1-5 December 2019
Africa/Johannesburg timezone
Note: Intel Keynote starts at 18:00 today (Monday)

Speech data harvesting and factorized deep neural network development for the low-resource indigenous languages of South Africa

4 Dec 2019, 13:50


Talk Cognitive Computing and Machine Learning HPC Applications


Dr Jaco Badenhorst (CSIR Next Generation Enterprises and Institutions Cluster)


Speech-enabled human-machine interfaces are becoming increasingly prevalent. There is, however, a disparity between the languages these systems are available in and the languages spoken in South Africa. This is because a tremendous effort is required to collect and refine large speech corpora. For the majority of South Africa’s languages, very little speech data is available. This creates a challenge due to the “data hungriness” of automatic speech analysis techniques, specifically those which yield the best performance such as deep learning. Once sufficient initial resources exist, automatic data harvesting strategies can be used to further increase the amount of available data in under-resourced languages. The aim of the work we report on is to improve existing ASR systems for the 11 official languages of the country. These systems are currently based on the recordings of the NCHLT (National Centre for Human Language Technology) corpus, which consists of an estimated 55 hours of speech obtained from 200 speakers for each language. During the NCHLT project additional speech data was collected but not released. To determine whether this additional data is useful, acoustic evaluation of the audio is required to detect both low signal-to-noise ratios (SNRs) and transcription errors. The decoding process with state-of-the-art Deep Neural Network-based models is more than an order of magnitude slower than real time on CHPC’s Lengau Dell cluster’s processors. It requires more than 10 CPU hours to process one hour of audio data. We therefore used CHPC to run the jobs required for processing one language in parallel. This allowed for approximately 200 hours of auxiliary data to be processed and used less than 50 GB of memory. The harvested data from this process was subsequently used to train factorized time-delay neural networks (TDNN-F). This model architecture was recently shown to yield good results in resource constrained scenarios (less than 100 hours of speech). These models significantly reduced phone error rates for the 11 languages. Each TDNN-F model trained in about 8-12 hours on CHPC's Lengau GPU cluster.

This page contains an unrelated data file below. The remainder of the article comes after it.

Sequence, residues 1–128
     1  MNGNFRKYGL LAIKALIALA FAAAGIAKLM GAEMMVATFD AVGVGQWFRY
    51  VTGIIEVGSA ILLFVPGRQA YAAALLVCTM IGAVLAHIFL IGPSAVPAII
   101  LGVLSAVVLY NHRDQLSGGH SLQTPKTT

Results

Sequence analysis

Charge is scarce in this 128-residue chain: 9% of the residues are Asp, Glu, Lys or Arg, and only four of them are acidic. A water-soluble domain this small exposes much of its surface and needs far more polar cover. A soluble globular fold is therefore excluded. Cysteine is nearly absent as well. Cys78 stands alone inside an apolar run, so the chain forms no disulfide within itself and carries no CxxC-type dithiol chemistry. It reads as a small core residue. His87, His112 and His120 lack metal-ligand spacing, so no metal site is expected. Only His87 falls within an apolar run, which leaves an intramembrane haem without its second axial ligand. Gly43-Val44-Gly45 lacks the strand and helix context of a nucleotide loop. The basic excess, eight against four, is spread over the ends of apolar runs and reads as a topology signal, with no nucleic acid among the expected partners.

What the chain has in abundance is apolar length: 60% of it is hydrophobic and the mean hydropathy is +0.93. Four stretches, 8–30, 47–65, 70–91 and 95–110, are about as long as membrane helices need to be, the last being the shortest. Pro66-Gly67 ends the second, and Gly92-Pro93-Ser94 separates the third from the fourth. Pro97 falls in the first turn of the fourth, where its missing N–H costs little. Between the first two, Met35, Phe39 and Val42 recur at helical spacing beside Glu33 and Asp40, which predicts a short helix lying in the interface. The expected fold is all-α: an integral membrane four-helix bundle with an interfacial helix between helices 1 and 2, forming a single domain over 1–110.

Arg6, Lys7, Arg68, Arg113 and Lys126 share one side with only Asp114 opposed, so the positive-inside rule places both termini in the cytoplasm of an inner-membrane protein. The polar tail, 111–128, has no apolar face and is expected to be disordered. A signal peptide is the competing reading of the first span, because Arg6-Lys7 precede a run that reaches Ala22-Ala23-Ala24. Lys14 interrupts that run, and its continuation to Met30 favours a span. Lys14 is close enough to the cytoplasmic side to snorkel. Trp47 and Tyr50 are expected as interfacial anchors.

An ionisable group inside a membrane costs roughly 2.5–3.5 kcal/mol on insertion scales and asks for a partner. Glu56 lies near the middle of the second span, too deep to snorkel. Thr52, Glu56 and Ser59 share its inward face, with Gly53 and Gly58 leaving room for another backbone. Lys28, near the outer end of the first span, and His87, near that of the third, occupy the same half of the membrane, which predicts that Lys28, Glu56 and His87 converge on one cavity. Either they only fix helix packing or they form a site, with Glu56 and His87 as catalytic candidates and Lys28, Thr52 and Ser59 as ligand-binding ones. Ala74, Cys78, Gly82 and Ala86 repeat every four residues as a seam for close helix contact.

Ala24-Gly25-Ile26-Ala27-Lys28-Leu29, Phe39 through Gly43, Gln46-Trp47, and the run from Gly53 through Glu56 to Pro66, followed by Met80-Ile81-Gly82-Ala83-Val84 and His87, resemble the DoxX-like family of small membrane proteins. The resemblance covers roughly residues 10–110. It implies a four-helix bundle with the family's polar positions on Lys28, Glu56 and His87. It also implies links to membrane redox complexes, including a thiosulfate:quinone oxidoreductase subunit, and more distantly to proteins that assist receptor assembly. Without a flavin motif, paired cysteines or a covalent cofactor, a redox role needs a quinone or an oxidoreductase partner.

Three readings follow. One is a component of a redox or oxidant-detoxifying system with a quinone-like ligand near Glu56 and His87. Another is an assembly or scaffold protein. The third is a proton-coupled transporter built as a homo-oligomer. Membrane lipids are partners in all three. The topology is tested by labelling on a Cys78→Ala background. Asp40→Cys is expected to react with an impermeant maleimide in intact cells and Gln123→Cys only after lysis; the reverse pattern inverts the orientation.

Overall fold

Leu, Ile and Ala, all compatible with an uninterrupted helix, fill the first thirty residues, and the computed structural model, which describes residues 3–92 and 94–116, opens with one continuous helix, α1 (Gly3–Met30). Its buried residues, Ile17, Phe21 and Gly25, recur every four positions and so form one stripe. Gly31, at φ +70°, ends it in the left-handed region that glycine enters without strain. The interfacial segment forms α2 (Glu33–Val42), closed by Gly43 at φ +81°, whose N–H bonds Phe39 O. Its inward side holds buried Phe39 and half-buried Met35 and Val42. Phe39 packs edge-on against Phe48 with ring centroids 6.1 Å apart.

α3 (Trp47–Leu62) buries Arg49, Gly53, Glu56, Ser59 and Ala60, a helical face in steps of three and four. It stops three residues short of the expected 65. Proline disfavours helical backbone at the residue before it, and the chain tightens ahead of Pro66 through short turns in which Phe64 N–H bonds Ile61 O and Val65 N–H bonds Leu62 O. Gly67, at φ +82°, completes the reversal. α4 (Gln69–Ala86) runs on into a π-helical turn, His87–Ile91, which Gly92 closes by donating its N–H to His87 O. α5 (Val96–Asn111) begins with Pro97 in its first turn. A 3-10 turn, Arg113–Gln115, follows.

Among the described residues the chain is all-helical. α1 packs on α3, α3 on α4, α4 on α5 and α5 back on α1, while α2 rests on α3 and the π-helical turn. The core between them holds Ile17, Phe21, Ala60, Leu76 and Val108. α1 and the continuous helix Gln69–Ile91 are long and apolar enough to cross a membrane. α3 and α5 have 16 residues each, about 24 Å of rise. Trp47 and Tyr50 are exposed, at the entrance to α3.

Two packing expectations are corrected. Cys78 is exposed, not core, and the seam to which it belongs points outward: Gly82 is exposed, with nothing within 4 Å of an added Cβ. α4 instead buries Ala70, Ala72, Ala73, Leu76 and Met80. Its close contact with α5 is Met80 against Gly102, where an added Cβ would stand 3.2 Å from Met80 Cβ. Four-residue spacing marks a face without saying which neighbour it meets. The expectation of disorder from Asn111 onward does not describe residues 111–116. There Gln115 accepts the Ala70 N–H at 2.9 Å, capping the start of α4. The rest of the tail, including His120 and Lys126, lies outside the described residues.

Primary authors

Dr Jaco Badenhorst (CSIR Next Generation Enterprises and Institutions Cluster) Febe de Wet (Stellenbosch University)

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